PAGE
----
Nate, the product is built. It’s mobile, it’s real-time, and it scales to millions of users. I’ve spent two years building it and it’s my friggin’ masterpiece. Now how the hell do we market this? Just make a blog and tweet about it yeah?
It’s 2013 and the most prevalent marketing strategy for first-time founders goes like this:
- Launch the product
- Create a blog and write a post or two (before giving up)
- Start sharing sorta-related-to-my-industry links on Twitter
- Wonder where all the customers are hiding
The Problem is Information Overload
If you google “marketing for startups” you’ll find over 63M results. There’s Facebook, Twitter, Google+, StumbleUpon, LinkedIn, PR guides, SEO, keyword analysis, lead generation, newsletters, adwords, landing page optimization, guest posts, online forums… the list goes on.
Founders have no idea where to start. Trying to implement all of these marketing strategies will get you nowhere. This is like teaching yourself to code by copy-pasting snippets from the internet: you might get lucky, but you won’t learn much.
Lets look at it from a different angle.
Imagine I placed you in a crowd of thousands of people and asked you to get my attention. You’d probably wave and shout in my direction. Fine.
Now what if I told you every person in this crowd was trying to get my attention. What would you do then? Everyone would be waving and shouting and you’d have to resort to some ridiculous stunt to get noticed. Streaking perhaps. Eventually others would copy you and you’d have to come up with something more creative.
Now imagine the goal wasn’t just to get my attention, but to keep my attention over an extended period of time. (Pretty difficult when you’re surrounded by thousands of naked screaming people). At this point, we can rest assured that every stunt will be copied and rendered useless. Earning this long-term attention is the challenge of marketing.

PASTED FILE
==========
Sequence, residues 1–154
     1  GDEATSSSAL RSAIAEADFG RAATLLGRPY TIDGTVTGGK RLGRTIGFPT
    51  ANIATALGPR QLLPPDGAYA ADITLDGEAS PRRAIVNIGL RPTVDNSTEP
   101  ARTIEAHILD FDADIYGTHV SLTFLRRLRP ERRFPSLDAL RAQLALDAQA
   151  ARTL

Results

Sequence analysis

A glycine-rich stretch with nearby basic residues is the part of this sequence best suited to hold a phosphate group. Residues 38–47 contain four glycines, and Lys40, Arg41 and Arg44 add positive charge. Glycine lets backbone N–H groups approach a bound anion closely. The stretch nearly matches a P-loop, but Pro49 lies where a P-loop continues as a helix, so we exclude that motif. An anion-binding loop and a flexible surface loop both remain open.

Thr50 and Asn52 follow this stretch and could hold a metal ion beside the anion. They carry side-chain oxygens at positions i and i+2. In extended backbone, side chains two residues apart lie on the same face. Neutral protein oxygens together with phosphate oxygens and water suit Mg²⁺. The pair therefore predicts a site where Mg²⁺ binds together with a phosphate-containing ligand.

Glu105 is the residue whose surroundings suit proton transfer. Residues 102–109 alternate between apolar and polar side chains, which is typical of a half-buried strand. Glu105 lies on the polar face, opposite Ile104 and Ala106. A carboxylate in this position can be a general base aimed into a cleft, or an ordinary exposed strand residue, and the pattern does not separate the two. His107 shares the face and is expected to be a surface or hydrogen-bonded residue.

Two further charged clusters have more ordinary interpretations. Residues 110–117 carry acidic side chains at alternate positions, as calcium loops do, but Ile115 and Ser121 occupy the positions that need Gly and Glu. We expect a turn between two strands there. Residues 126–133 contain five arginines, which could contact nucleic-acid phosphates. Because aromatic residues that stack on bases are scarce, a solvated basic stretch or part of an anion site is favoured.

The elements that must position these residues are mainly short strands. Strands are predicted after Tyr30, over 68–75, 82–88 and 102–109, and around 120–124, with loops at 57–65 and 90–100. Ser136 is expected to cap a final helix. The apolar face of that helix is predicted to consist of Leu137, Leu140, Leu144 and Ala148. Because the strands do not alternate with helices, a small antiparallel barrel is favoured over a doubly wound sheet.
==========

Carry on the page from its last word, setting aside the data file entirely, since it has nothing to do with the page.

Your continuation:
Suddenly the common marketing strategy looks ridiculous. You’ve got a spammy blog, and a bunch of social networking accounts because that’s what every other business does. How can you earn the attention and respect of your customers when your strategy is based on just fitting in?
It’s common to think your primary marketing goal is to make sales. It’s not. If that were your only goal then choosing a marketing channel isn’t any easier. Every strategy may be profitable for someone, but not necessarily for you.
Instead, your marketing purpose is to provide unique and valuable content to your customer. To be an expert at solving their biggest problems because you want them to succeed. In return, you will earn their attention, their trust, and ultimately their money.
Ask yourself these questions:
- If our job were to simply help our customers solve their biggest problems in any way possible, would our product change?
- How much useful material do we have to share? A book’s worth? A course’s worth? A years’ worth?
- Are our topics truly unique or are we just regurgitating common ideas?
- Do we need to wait for our launch to start marketing? (No)
- Finally, what channels are best for helping our customers?
The last question is where most startups begin: picking the tools before they really understand the task. Instead, become a champion of your customers’ problems. Be their sidekick and let their pain guide your actions. Only then can you truly engage your audience and learn what resonates with them. You can start making sense of these marketing checklists, and potential traction verticals. Your marketing strategy will have a purpose that will guide all the decisions you make.